In patients who use statins, severe coronary artery disease (CAD) was associated with low levels of the high-density lipoprotein cholesterol subparticle 3 (HDL3-C) and with high levels of lipoprotein(a) cholesterol (Lp[a]-C), according to study results published in Cardiovascular Revascularization Medicine.
The investigators of this cross-sectional study sought to identify the association of high-density lipoprotein cholesterol (HDL-C) subparticles with severe CAD and the relationship of HDL-C subparticles with inflammation in patients who receive statin therapy.
The study cohort included 304 consecutive adults with suspected CAD treated with statin and aspirin 325 mg/d. Participants were enrolled in the Multi-Analyte, thrombogenic, and Genetic Markers of Atherosclerosis study and underwent elective cardiac catheterization. Blood samples were collected before catheterization and analyzed for detailed lipid profiles (including HDL-C subclasses HDL₂-C and HDL₃-C) and oxidized low-density lipoprotein cholesterol levels.
Disease severity was based on angiographically defined stenosis of any major coronary vessel: Severe CAD was defined as >75% luminal diameter stenosis, and nonsevere CAD was defined as ≤75% luminal diameter stenosis. Receiver-operated curve analysis was used to determine the association between HDL-C subparticles with severe CAD, and multiregression analysis was used to test statistical significance of these associations.
Of the 304 participants, 203 had severe CAD and 101 had minor to moderate CAD. Analysis of blood samples showed that patients with severe CAD were associated with a significantly lower total HDL-C and HDL₃-C and significantly higher Lp[a]-C. Only the association between severe CAD and HDL₃-C and Lp(a)-C remained significant in multivariate analysis.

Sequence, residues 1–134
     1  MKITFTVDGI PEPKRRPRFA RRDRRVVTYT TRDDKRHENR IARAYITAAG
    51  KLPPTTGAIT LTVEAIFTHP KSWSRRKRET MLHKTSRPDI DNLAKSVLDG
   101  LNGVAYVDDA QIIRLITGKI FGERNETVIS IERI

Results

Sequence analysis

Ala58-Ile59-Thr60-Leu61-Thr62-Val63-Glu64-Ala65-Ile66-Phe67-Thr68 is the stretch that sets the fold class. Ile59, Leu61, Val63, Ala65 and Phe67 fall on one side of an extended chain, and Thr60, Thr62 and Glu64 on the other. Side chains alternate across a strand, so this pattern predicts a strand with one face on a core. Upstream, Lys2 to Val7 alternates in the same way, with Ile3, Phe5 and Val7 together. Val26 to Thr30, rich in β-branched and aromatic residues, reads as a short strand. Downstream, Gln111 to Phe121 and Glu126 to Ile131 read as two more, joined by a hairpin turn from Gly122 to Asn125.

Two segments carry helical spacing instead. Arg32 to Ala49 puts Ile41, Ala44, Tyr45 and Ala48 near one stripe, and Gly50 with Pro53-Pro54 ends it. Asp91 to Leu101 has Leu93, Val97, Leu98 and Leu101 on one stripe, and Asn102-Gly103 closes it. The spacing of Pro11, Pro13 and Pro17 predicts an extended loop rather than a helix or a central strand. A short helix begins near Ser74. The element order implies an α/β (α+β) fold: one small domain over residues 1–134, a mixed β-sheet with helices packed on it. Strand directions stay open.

To predict severe CAD, receiver-operated CURVE analysis determined a cut point of ≤33 mg/dL for HDL₃-C with an area under the curve of 0.6 (P =.003) and a cut point of >7 mg/dL for Lp(a)-C with an area under the curve of 0.61 (P =.0007). In addition, participants with HDL₃-C ≤33 mg/dL and Lp(a)-C >7 mg/dL were associated with significantly elevated oxidized low-density lipoprotein cholesterol levels or markers of inflammation.
Limitations included the inability to infer causality because of the cross-sectional study design and small sample size. The study included patients both with and without any clinical manifestations, potentially affecting the predictive value of certain variables. Finally, the severity of CAD was measured angiographically and did not use other quantitative scoring criteria.
The study investigators found that HDL₃-C and Lp(a)-C were novel biomarkers to predict severe CAD in patients who use statin therapy. In addition, low HDL₃-C levels and high Lp(a)-C correlated with elevated markers of inflammation. Future studies should determine the use of these biomarkers to predict the severity of CAD.
Chaudhary R, Kinderytė M, Chaudhary R, et al. HDL3-C is a marker of coronary artery disease severity and inflammation in patients on statin therapy [published online December 27, 2018]. Cardiovasc Revasc Med. doi: 10.1016/j.carrev.2018.12.019
This article originally appeared on The Cardiology Advisor